Level Up With Story+

Sarah Rogers

Dynamic learning experience prepares undergraduates for what’s next

Mary Helen Wood (T’21) arrived at Duke with interests in Statistics and Public Policy as well as the humanities. Torn between two summer research programs, Data+ and Story+, she applied to both.

In Story+, student teams complete an interdisciplinary humanities research project with a public storytelling component. Typical teams consist of a project sponsor, a graduate student mentor, and three undergraduate researchers.

“I really liked that none of the Story+ projects fit into one box, even though they were all humanities-oriented,” she says.

Mary Helen Wood and Nicole Lindbergh
Mary Helen Wood (left) and teammate Nicole Lindbergh wait to speak at their team's final presentation at the Story+ Summer 2018 Research Symposium. Photo by Dean Rhoades.

Having enjoyed a class at the Center for Documentary Studies, she was attracted to the Coal in America project because it involved doing fieldwork in Appalachia, conducting interviews with coal workers and their families. “When I realized I’d be doing oral history, I jumped on board.”

Still, she had some hesitations. “It was hard to imagine what humanities research was going to look like. I didn’t come in with high expectations – or negative ones, I just didn’t know what to expect. But I was blown away.”

Among the skills that she developed during the six-week program was interviewing. Her teammates were a big help: “Malu [Frasson-Nori] was one of the producers of Hear at Duke [a student podcast], and hearing her interview was so inspiring – she was so skilled at it.” Another teammate, Morgan Ruff, took pains to make sure that an initially distrustful subject was comfortable before starting their interview, assuring him that the project was historical and not agenda-driven.

Wood also learned some techniques for communicating better with a team. “I wrote in my weekly reflection that I thought I had a tendency to criticize others’ ideas too quickly. Our project sponsor Jonathon Free taught me to repeat what you think that others have said before offering them any positive or negative feedback, so that they feel heard.”

She enjoyed the experience so much that she is planning on continuing to work on the project through Bass Connections during the 2018-2019 academic year. “I definitely want to be a humanities major now. Stories have the power to move individuals beyond what they would see if they’re looking at the numbers. The radical empathy that stories bring out of us is needed.”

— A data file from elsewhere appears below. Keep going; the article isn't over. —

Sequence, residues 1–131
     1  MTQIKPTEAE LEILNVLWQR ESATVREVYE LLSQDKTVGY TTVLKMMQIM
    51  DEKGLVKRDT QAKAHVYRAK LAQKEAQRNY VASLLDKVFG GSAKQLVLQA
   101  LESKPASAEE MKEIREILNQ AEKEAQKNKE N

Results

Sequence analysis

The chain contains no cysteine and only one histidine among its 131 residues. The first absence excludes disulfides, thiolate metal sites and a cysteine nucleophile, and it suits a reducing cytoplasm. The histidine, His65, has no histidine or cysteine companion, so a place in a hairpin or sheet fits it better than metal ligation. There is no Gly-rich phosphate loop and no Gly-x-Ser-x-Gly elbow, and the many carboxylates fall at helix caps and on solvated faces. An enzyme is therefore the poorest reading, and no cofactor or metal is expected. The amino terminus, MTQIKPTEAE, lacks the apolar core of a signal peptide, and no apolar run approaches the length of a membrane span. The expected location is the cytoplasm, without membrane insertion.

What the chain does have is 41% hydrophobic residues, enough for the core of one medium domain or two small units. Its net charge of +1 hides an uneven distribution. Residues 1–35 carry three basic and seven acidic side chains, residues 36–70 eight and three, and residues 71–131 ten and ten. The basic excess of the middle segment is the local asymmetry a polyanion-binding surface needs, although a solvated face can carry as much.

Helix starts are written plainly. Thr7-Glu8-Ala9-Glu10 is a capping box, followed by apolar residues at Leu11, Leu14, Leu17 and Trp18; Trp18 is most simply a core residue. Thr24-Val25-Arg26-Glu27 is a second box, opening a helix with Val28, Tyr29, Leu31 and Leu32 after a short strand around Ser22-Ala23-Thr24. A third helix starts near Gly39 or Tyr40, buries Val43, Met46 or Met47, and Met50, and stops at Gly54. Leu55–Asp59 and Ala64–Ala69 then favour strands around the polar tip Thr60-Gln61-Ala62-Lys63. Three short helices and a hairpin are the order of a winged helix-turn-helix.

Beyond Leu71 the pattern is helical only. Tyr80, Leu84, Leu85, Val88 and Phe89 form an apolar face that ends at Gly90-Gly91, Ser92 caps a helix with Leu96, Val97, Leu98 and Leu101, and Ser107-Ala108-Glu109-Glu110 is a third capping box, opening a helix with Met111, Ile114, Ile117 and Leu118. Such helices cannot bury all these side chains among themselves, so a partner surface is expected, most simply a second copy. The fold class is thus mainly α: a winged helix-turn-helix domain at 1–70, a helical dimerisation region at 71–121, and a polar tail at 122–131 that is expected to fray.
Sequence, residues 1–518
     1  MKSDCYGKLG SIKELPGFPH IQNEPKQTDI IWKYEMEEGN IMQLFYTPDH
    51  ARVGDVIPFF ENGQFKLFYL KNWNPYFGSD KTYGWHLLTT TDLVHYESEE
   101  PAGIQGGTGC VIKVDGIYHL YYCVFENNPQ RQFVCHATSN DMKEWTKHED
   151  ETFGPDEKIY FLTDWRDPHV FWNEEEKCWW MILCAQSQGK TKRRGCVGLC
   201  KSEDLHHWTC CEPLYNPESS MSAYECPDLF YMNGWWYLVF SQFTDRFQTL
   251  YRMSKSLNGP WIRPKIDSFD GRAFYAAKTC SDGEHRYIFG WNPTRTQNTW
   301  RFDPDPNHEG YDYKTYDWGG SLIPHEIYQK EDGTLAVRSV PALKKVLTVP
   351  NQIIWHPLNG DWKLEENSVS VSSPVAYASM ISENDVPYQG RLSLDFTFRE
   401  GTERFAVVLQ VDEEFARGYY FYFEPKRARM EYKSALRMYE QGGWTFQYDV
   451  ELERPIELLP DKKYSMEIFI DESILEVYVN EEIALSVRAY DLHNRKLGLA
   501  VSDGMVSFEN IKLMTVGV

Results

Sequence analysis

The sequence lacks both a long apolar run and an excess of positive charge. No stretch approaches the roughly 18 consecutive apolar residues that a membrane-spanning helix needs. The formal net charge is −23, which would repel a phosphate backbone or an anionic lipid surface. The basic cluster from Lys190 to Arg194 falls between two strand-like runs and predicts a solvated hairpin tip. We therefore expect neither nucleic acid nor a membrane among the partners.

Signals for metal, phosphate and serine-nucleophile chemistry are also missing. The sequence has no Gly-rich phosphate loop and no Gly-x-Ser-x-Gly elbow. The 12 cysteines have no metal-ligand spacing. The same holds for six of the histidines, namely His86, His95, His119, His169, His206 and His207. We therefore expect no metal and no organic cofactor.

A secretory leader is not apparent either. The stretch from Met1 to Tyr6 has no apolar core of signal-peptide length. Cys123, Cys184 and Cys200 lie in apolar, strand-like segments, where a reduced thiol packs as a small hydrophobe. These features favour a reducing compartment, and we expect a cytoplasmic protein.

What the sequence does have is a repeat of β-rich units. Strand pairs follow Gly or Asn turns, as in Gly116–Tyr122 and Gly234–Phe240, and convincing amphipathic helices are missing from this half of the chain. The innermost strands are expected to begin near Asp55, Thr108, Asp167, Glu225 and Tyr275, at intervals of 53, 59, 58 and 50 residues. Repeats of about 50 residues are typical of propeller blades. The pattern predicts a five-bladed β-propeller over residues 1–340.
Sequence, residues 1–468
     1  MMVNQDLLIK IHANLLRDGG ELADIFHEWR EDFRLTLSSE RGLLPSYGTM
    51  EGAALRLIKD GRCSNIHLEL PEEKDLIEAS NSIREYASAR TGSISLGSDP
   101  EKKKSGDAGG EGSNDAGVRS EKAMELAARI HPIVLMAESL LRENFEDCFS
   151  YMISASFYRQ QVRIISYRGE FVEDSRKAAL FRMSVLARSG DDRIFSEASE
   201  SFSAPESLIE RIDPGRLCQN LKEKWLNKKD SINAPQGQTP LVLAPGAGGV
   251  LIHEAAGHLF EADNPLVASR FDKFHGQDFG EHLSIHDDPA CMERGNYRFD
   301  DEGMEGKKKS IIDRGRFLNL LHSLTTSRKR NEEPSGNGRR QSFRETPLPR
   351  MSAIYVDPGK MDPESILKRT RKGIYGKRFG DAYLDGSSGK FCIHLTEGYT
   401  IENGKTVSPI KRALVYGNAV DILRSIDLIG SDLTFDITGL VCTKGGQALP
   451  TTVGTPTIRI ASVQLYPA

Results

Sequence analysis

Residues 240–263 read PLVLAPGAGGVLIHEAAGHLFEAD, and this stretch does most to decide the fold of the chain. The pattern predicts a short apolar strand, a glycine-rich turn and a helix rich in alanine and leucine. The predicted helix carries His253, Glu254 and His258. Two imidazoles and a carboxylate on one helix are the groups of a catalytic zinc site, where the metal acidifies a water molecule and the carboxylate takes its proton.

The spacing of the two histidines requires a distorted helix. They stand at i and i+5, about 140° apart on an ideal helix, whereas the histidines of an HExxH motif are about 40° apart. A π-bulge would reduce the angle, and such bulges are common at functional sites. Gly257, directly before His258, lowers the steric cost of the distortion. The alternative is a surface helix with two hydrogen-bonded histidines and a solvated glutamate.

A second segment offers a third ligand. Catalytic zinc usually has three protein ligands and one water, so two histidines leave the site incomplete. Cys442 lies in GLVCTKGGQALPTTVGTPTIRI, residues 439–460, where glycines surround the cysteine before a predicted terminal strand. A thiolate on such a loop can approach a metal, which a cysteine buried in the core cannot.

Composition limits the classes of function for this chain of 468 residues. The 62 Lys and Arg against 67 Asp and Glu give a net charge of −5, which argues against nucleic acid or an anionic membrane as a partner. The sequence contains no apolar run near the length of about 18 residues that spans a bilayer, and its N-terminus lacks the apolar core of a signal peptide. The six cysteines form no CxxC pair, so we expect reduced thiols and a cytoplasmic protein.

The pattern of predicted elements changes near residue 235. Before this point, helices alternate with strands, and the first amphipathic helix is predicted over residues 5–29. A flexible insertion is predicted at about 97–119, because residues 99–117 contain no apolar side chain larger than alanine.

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“My first year at Duke, I came in undecided, and took classes in eight different departments,” says rising senior Ethan Ahuna (T’19). He eventually “fell in love with Sociology,”  and added minors in Spanish and Education, but decided to keep exploring. “I made Duke about getting different types of experience, and Story+ was another kind of experience.”

Curious about what it would be like to tell stories in an academic context, he applied for a Story+ project with Student Action with Farmworkers (SAF), a nonprofit that helps students build experience advocating with and for rural migrant farmworkers. His team was given access to the organization’s archive of over 25 years of documentary video, photos, stories, transcripts, newspaper clippings, and journal entries, and asked to make compelling stories out of the material. The team ended up creating three short documentary videos.

Ethan Ahuna with teammate
Ethan Ahuna (right) with teammate Mary McCall Leland on the second day of Story+. This year, the program began with a two-day “boot camp” in order to familiarize students with humanities research methods and strategies (e.g. working with primary sources, archival and oral history research ethics). Breakout sessions addressed needs specific to certain teams, like audio and video editing. Photo by Eric Barstow.

“I thought it would be 9-5, clock-in, clock-out, get instructions, and do the tasks they told you to do,” Ahuna said. Instead, the team was given the freedom to conceptualize and create their project from the ground up. “We spent six weeks making and brainstorming and deciding and consulting. It was a totally different kind of experience to organize yourself and work with a team and at the end of six weeks, have a project. I can take that experience and use it at any type of job or pursuit.”